Since the City Manager informed the City Commission on June 16, 2105, that a 27% increase in property taxes would be needed to balance the General Fund budget and to meet community needs, a spirited debate over the budget has ensued between elected officials, city staff, and number of business groups and interested individuals.
The debate intensified after the 3-2 vote on July 8, 2015 set the tentative millage at 4.55 mills, which is a 23% increase.
Mayor Andrew Gillum, City Commissioners Nancy Miller and Curtis Richardson supported the 23% increase, while City Commissioners Scott Maddox and Gil Ziffer opposed the increase.
Since that vote, a group of individuals, calling themselves the Budget Hawks, stepped up their request for information, fired off emails, and met with elected officials.
Business groups like NEBA and the Tallahssee Board of Realtors continued their opposition to any tax increase and offered alternatives to the increase in public hearings.
At the August 19, 2015 City Commission meeting, a 45 minute discussion among City Commissioners revealed some evolving positions on the budget.
So, where do the City Commissioners stand now.
TR spoke to a number of sources to get their impressions on where they think the Commissioners stand on the property tax increase and how the final vote on the increase will turn out in September.
The consensus is that City Commissioners Richardson and/or Miller hold the deciding votes on how much property taxes will increase. Also, most believe that the grassroots movement is having an impact by providing Commissioners with another source for information about the budget.
Listed below is a synopsis of the Commissioners position based on public statements and opinions from TR sources.
Mayor Andrew Gillum has been a strong supporter of the full 27% increase from the beginning. He argues that the City has structural problem and needs to increase property taxes to ensure stability. He has voiced his confidence in the City Manager and has made an impassioned plea for body cameras for police officers. He voted with Commissioners Richardson and Miller for the tentative 23% increase on July 8th.
Current Assessment: Gillum prefers the 27% increase, but will vote for the next highest increase.
Commissioner Scott Maddox has been against the property tax increase from the beginning. He says he has never voted for property tax increase because the “majority of our land is off the tax rolls and an increase in property tax unfairly places the burden on the backs of small businesses and homeowners.”
His position is that “Property tax increases should be an absolute last resort.” He has offered ideas on possible reductions in spending at public hearings.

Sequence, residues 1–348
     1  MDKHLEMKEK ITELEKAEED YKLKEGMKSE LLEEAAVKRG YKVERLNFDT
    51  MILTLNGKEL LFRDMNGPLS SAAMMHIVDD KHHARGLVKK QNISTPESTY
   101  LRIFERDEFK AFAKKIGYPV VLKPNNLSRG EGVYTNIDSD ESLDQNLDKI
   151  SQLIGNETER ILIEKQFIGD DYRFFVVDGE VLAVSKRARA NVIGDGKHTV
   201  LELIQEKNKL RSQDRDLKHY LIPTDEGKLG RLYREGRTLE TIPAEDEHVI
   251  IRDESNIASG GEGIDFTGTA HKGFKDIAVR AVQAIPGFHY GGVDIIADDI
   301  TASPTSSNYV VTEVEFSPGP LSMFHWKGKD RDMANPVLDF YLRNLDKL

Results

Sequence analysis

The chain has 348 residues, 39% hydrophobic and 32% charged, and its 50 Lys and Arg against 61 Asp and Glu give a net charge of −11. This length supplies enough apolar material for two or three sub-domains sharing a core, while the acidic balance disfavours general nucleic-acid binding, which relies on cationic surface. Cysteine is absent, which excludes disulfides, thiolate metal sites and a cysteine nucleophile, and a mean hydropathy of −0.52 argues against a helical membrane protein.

Current Assessment: Maddox will not vote for a property tax increase. The unanswered question is will he try and persuade others to do the same.
Commissioner Gill Ziffer voted with Maddox against the tentative 23% increase on July 8th. His alternative was lower, but not zero. Since that time, Ziffer has acknowledged he would support using one time monies, like the $2 million from the BP settlement, to offset one –time expenditures, which are a significant part of the proposed tax increase.
Current Assessment: Sources tell TR that Ziffer’s leadership will be the deciding factor on if the tax increase is completely erased. Some are suspicious of Maddox’s no property tax pledge, but if Ziffer acknowledges enough new revenues and cuts to hold the line on an any increase, other Commissioners and City staff will take note.
Commissioner Nancy Miller has been a supporter of the increase and voted for the 23% increase. She has argued that the increase is not that much and is required to maintain our quality of life.
As of late, she appears open to spending cuts, however, at the most recent City Commission she said “One thing that has been clear to me is that we have just failed to communicate the need to the people. I have asked the City Manager to do that. We need to make our case better.”
But she also asked staff to consider the BP settlement money and come back “with a lower increase or none at all. “
Current Assessment: No one really knows where she will finally come down. One source called Miller “the real wild card.” Miller is obviously feeling the pressure from business supporters, but she has a history of voting in favor of City staff. She has been willing to meet and listen to different positions on the budget, but her latest comments indicate she thinks this is a public relations problem, not a spending problem.
Commissioner Curtis Richardson is new to the process and supported the 23% increase. However, since then, he has been one of the most engaged Commissioners in terms of meeting with those groups and individuals who opposed the increase. At the August 19 Commission meeting he said “I looked at a number of the recommendations by the Budget Hawks and thought they were reasonable and should be considered by this Commission.”
Current Assessment: Commissioner Richardson, while new on the Commission, has significant ties to management staff. Sources believe that the Commissioner will listen to new ideas and understands the significance of the increase, but are not sure where he will come down. Sources note that Richardson is up for election next year and this may play some part in his approach to making a decision.